I recently bought a new laptop, every https:// connection I do to any site regardless of browser chain back to a root certificate issued by "superfish, inc". I have had a dig around but I can't seem to find the origin of the certificate and at no point did I authorise adding the "superfish" root certificate to my local certificate store.

My thoughts are that it could potentially be one of the pre-packaged security applications that came with the machine generating the certificates so that it can scan https:// traffic which I am not 100% comfortable with and at no point did I authorise it. I can't seem to find an affiliation with the superfish SSL certificate and any of the scanning software so I am a bit confused.

Has anyone else come across this, know where it came from and how I can remove this so that all my https:// traffic chain to their respective correct root certificates ? - apart from plucking it straight out of MMC.

  • 7
    If the laptop is a Lenovo running Windows, superfish "shopping" adware may have come preinstalled from the factory. We have seen it on several brand new Lenovos, and it breaks some web pages because of what it injects. If so, it is fortunately reasonably easy to remove in "Programs and Features" / "Add Remove Programs". Just search the list of programs for "superfish" and uninstall it. Commented Dec 12, 2014 at 16:01
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    For what it's worth: I just bought and unboxed a Lenovo Ideapad Z710 two days ago (17. Feb. 2015). The pre-installed Windows was prepared on 10. Nov. 2014 (it seems). There are no signs of Superfish application or Superfish root certificates on this installation. I don't know if Lenovo has abandoned Superfish entirely as of 10. Nov. 2014 or earlier, or if only a subset of their pre-installed images includes it. Any other observations on this? Are Lenovo still shipping this junk?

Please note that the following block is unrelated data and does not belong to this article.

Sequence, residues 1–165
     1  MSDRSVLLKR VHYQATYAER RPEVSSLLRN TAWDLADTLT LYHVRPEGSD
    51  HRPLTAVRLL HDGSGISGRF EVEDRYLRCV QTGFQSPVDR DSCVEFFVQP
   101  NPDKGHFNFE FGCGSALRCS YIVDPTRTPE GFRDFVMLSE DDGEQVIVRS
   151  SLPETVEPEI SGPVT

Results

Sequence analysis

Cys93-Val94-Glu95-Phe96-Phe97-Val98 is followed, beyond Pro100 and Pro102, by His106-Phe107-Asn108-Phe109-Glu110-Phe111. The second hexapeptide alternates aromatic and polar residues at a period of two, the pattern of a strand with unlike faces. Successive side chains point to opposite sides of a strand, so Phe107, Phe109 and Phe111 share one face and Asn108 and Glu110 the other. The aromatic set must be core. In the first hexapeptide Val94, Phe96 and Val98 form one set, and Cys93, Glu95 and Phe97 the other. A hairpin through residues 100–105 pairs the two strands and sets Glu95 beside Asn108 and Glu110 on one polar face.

– Barfred
    Commented Feb 19, 2015 at 14:35

2 Answers 2


FYI, this Superfish software is now a major news headline.

It is preloaded by Lenovo (there may be other vendors). You have to uninstall it, but that will not remove the certificate(s). To remove the certificate(s), you must do the following:

  1. Run mmc.exe
  2. Go to File -> Add/Remove Snap-in
  3. Pick Certificates, click Add
  4. Pick Computer Account, click Next
  5. Pick Local Computer, click Finish
  6. Click OK
  7. Look under Trusted Root Certification Authorities -> Certificates
  8. Find any certificates issued to Superfish or Visual Discovery and delete them.
  9. Also check under Intermediate Certification Authorities -> Certificate

Note that if you have Firefox installed, you will have to clean up its certificate store as well (the above links are for IE/Chrome). See here: http://support.lenovo.com/us/en/product_security/superfish_uninstall

If you are really paranoid, the best solution would be to reformat your laptop and install Windows with Microsoft media, not the factory recovery tools.

Note that people are already attacking the Superfish certificate, so don't be surprised if you start to see malware that uses their certificate to cause havoc. If you have a Lenovo PC with this software, you should remove it ASAP.

Edit: Here are some more detailed instructions with pictures.


Superfish is malware that performs a Man in the Middle attack on all your SSL traffic so it can inject ads, track traffic, insert affiliate tracking links .... and so on.

Because the Superfish crypto certificate is a root certificate it cannot be removed. Because Superfish shares their private key, expect to see signed malware by the end of the week.

This is a complete and total compromise of security of your Windows installation by Lenovo.

  • I think you and OP aren't talking about the same "Superfish"
    – Rizier123
    Commented Feb 19, 2015 at 8:41
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    @Rizier123 Unfortunately for Lenovo, they are
    – WheresWardy
    Commented Feb 19, 2015 at 9:44
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    @EtherealMind : What do you mean that the certificate can not be removed? I suppose I can find it in Windows certificate manager (mmc -> add snap-in -> Certificates), and delete it from there? Not a favourite cup of tea for the average windows user I admit, but should be possible.
    – Barfred
    Commented Feb 19, 2015 at 12:07

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